John Thornton and Chris Crocker, two of Marvin Lewis' defensive leaders from play-off runs past, can't wait to see their old head coach call the defensive signals this Sunday in Baltimore and they wouldn't be surprised to see him go back to the system that brought them so much recent success.
As Lewis met with the team the Bengals announced Monday that they fired defensive coordinator Teryl Austin and replaced him with Lewis after they became the first team in the Super Bowl era to give up 500 yards in three straight games in the wake of Sunday's 51-14 loss to the Saints that stands as the most points ever allowed in a franchise home game.
"I appreciate the hard work that Coach Austin has put into our football team, but I felt it best to make a change at this point in time, and I wish him the best," Lewis said in a news release. "I will be coordinating the defense from here on out and I am excited to do that. This football team has a real chance to get back to playing winning football so we can compete for the playoffs, and that is our sole focus."
Lewis, signed to head coach the Bengals in 2003 after reaching defensive guru status with the Ravens at the turn of the century, still has a former head coach and defensive coordinator on staff in linebackers coach Jim Haslett. Despite feeling the need to fire a coordinator in mid-season for the second straight year, Lewis has his Bengals in the hunt at 5-4. After the Bengals started 0-2 last season without scoring a touchdown, Lewis replaced offensive coordinator Ken Zampese with quarterbacks coach Bill Lazor.
But at 60 and in his 16th season as the head man, Lewis now appears to have his biggest challenge since he took over that 2-14 team in 2003.
Crocker, the versatile defensive back who helped coordinator Mike Zimmer shape a Bengals defense that was the backbone of six post-season berths, had just spoken to Lewis last week and was shocked but delighted at the word emanating from Paul Brown Stadium.
"This is good news if you're a Bengals fan. It shows how much he cares about this team and what he think they can get done," Crocker said. "The guy is taking the accountability and is going to drive it himself … Marvin knows situational football. Don't underestimate his ability to call games. He's one of the most respected guys in the league."
Thornton, a defensive tackle on Lewis' first six teams now an agent, believes Lewis has much more talent than he had then.
"You've got to remember," Thornton said, "if there is anybody that knows what this defense needs, it's Marvin."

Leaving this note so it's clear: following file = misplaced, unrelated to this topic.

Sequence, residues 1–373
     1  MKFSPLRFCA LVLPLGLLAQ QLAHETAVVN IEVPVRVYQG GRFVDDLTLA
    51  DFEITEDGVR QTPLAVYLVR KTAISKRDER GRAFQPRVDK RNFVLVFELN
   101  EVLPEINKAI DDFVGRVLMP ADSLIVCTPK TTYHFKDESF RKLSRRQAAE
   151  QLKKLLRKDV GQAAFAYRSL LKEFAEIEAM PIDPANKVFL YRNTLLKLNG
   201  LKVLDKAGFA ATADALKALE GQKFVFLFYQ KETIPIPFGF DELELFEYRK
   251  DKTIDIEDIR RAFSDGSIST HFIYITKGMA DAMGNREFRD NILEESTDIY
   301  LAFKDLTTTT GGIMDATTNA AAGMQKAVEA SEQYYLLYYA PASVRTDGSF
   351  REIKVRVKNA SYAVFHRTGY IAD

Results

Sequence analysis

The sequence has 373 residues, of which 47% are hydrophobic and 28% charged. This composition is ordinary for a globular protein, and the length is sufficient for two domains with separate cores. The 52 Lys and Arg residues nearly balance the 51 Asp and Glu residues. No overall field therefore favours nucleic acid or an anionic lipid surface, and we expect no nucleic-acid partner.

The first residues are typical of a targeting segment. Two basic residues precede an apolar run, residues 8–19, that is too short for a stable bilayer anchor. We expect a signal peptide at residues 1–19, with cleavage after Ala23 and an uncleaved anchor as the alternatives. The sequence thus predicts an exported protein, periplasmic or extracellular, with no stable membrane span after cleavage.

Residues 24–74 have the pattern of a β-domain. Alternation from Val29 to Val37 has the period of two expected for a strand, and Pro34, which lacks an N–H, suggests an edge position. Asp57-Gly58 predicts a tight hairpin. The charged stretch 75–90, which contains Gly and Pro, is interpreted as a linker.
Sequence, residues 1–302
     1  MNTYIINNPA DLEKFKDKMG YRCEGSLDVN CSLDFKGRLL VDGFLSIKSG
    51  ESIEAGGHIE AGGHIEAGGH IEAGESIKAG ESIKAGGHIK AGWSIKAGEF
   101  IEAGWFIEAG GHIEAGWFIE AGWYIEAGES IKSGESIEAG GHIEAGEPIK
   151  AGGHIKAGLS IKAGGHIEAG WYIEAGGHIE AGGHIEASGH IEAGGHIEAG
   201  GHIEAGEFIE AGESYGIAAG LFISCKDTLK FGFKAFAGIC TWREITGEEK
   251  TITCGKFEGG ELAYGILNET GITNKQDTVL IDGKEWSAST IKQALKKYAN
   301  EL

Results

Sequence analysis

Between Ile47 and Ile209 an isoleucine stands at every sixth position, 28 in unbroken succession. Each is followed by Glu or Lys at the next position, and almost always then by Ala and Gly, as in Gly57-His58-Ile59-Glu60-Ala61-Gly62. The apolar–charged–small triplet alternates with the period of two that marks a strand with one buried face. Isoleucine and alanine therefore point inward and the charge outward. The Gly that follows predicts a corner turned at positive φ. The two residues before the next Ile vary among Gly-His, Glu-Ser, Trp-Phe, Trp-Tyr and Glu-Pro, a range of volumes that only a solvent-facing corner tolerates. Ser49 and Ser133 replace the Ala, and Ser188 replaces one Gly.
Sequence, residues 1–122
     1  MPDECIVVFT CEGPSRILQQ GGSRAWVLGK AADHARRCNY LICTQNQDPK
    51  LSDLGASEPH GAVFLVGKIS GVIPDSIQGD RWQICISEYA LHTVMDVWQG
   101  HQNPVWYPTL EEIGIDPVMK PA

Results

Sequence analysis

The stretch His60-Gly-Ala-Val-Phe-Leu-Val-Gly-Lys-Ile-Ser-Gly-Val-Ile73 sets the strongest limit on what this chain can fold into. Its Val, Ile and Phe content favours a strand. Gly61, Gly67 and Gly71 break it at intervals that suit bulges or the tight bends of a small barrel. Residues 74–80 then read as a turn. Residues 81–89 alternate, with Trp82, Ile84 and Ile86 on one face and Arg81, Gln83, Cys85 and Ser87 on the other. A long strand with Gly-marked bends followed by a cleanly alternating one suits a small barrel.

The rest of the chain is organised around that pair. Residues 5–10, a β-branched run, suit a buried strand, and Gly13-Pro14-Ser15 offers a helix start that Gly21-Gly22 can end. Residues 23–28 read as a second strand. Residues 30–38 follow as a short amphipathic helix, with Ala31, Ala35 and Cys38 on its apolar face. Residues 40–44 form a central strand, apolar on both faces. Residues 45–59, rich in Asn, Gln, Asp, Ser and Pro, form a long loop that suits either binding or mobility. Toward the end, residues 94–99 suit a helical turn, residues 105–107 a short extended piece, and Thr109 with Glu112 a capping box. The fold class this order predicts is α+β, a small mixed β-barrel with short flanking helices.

Thornton played in what is believed to be the last game Lewis called, a 2004 game in Cleveland he took the headsets from Leslie Frazier that the Browns ended up winning.
"I remember he said something like it doesn't matter who's calling the plays and if you look at it, we just didn't have very good personnel," Thornton said. "I mean, in '06 we have up 42 points in the second half to San Diego after we were leading (28-7) at the half. Coach Frazier is still in the league and he's still a good coach. But it comes down to being comfortable with players and styles. Leslie came from Philadelphia and it didn't really fit with what Marvin wanted.
"The one thing I remember about that season is how hard it was for him not to make calls. I think it's that way when you get a job because of what you did on that side of the ball."
When Lewis fired Frazier after that 2004 season, he took the blame and didn't get it sorted out until he hired Zimmer in 2008. From that point the Bengals won three AFC North tittles and secured three Wild Card berths with Zimmer and disciple Paul Guenther running the scheme. When Guenther left to coordinate Jon Gruden's defense in Oakland back in January, Lewis opted for the highly-regarded Austin and he brought in his own system.
But the players never seemed comfortable with it and are on pace to be the first Bengals team to allow 500 points. They've never stopped the run (allowing five yards per rush) and opposing quarterbacks have racked up a 98.6 passer rating. After Sunday's game players spoke about "gray," areas in communication, still adjusting to a system new to everybody. Left end Carlos Dunlap said the systems are similar, but there are different calls and terminology. Safety Shawn Williams said the talent is there, "but we have to get on the same page."
Crocker, who came off the couch in the middle of the season three times to run Zimmer's scheme in the secondary, could see it again.
"I wouldn't be surprised if he did that," Crocker said. "Don't kid yourself about these guys. They've got the capacity to do what they've been doing for six, seven, eight years and going back to that after six, seven, eight months would not be that hard. Look what I did two or three times."
Thornton thinks Lewis is capable of changing roles in mid-stream.
"He'll just have to get his hands dirty and he does that," Thornton said. "I've been in there on an off day and he's sitting down with the coordinators. He knows exactly what's going on. The game has changed since he (called defenses), but the only real difference is back then they could say, 'Give me 17, 20 points and we'll be OK.' Now with the way teams are scoring, it's more like 25."